Princess Margaret: Birth registration was 'delayed' says hosts
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Tonight, a programme titled: ‘Elizabeth & Margaret: Duty & Devotion’ is airing at 7PM on Channel 5, detailing the relationship between Queen Elizabeth and Princess Margaret. Christopher Warwick, Princess Margaret’s authorised biographer, took part in the programme. He wrote ‘Princess Margaret’ in 1983, and was quite close to the royal, having had many private conversations with her.
He provided insight into the relationship between Queen Elizabeth II and her sister, for tonight’s documentary.
The expert revealed education was a major “bone of contention” between Margaret and the Queen.
He said: “Princess Elizabeth immediately became heiress presumptive at 10 years old and it was felt that what she needed to be instructed in was constitutional history, European history, and the man who was chosen to do that was Sir Henry Martin, who was the vice provost at Eton College.”
At this stage in their lives, the sisters had always been educated together.
But when their father became King George VI in 1936, the sisters were split up for their education because they had to be taught different things.
Margaret carried on learning piano and French, while Elizabeth was taught about the constitution in a separate room.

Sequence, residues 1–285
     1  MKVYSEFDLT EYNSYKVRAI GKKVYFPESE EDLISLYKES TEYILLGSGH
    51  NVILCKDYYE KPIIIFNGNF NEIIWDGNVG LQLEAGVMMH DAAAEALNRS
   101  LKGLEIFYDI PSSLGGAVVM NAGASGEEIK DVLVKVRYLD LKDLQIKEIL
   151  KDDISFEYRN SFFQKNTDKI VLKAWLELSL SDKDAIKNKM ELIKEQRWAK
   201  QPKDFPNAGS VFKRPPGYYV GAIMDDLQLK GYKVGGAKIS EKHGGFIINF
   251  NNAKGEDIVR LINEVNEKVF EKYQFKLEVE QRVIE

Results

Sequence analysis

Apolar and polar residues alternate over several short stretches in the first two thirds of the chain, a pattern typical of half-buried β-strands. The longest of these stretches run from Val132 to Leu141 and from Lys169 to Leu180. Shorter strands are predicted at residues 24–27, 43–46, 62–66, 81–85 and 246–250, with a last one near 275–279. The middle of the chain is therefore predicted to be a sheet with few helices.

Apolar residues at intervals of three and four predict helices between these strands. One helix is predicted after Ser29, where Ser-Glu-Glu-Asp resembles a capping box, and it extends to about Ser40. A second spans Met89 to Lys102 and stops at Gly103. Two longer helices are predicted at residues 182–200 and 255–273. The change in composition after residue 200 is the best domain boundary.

The expert continued: “I was talking to Margaret about it on one occasion and she said ‘I don’t mind telling you it was a bone of contention’.
“And I said ‘Well, it was very short-sighted wasn’t it because your grandfather King George V was the second son, your father King George VI was the second son, you were the second child but a heartbeat away from the throne Elizabeth inherited.’
“‘Yes I know,’ she said, ‘It’s very short-sighted.'”
Another expert, Hugo Vickers, said: “Margaret did resent her lack of education and she blamed her mother for it very much.
“I don’t think she ever quite forgave her to be quite honest.”
The comments came to light in ‘Elizabeth & Margaret: Duty & Devotion’ on Channel 5 tonight, a documentary exploring the sister’s relationships.
It charts their close childhood, adulthood and the real relationship between the royal sisters.
Princess Margaret is now regarded as an iconic royal, helped by the portrayals of the Princess in The Crown by Vanessa Kirby and Helena Bonham Carter.
Since Margaret’s teenage years, she had been known for her wit, her appetite for a party, and her beauty.
She was a larger-than-life figure in the Royal Family and often caused some scandals among courtiers and members of the public.
Known as a royal rebel, she helped solidify this reputation with her wedding tiara, the documentary revealed.
While most royals opt to wear their family tiara for their wedding, Princess Margaret did not.
She bought the Poltimore tiara herself, which perfectly complemented her trademark beehive hairdo for her 1960 wedding.
She bought it for £5,500 in 1958, which is the equivalent of £106,765 in 2019.
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